Forbion is scaling back its interest in medtech after deeming it is getting hard to generate returns on investments. Medical device and diagnostics startups were integral to Forbion’s first three funds but will receive only a fraction of the $316 million the Dutch VC shop has raised for its fourth fund.
The decision to back away from medtech follows regulatory and commercial changes that are making it harder for startups to bring devices to market and attract buyout bids from bigger businesses.
“Consolidation of the potential exit partners and changes in regulatory environment, around for instance the CE mark approval, have made it more difficult to drive ROI. For Forbion IV, we will continue to look for medtech and diagnostics but only expect to make sporadic investments,” Sander Slootweg, managing partner at Forbion, said.
Forbion’s move cuts off a major source of funding for medtech and diagnostic startups, particularly in Europe. Around 20% of Forbion’s current and past portfolio companies are in the device or diagnostic space. If Forbion had retained that ratio for its fourth fund, a few medtech and diagnostic companies would have received some of the $316 million it has to invest.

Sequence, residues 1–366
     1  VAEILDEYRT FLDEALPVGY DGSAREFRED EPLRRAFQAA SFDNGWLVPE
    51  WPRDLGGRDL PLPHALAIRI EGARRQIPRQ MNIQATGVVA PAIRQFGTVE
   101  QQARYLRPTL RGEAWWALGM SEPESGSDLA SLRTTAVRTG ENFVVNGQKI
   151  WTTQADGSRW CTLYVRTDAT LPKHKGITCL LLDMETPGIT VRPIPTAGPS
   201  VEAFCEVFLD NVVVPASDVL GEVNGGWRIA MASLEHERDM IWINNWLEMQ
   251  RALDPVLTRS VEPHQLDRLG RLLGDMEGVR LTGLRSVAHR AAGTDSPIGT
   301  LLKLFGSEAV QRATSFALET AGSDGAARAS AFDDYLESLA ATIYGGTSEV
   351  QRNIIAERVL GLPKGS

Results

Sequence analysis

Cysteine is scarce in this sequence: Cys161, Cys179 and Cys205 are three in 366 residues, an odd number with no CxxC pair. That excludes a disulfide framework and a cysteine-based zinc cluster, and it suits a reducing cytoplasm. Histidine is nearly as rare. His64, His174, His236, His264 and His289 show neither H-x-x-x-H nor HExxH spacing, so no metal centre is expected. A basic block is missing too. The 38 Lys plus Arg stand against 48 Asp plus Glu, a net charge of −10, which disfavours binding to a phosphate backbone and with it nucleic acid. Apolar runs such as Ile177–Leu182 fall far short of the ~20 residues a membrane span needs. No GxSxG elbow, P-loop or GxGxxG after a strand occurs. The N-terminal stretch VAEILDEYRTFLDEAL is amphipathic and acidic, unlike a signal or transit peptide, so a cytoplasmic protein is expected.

The Dutch fund is backing away from medtech despite having enjoyed success in the sector in the past.
Forbion scored a big win in 2014 when BTG paid $230 million upfront and offered up to $245 million in milestones to buy PneumRx. More recently, Bio-Techne struck a $250 million deal to buy Exosome Diagnostics. Pathway Medical Technologies, another Forbion bet, was acquired by a Bayer subsidiary. And Forbion achieved a pair of exits when Abiomed bought Impella before going on to IPO.
Forbion still has a clutch of medtech and diagnostic companies in its active portfolio, including the publicly-traded Cellnovo and Curetis and mitral valve regurgitation startup Mitralign.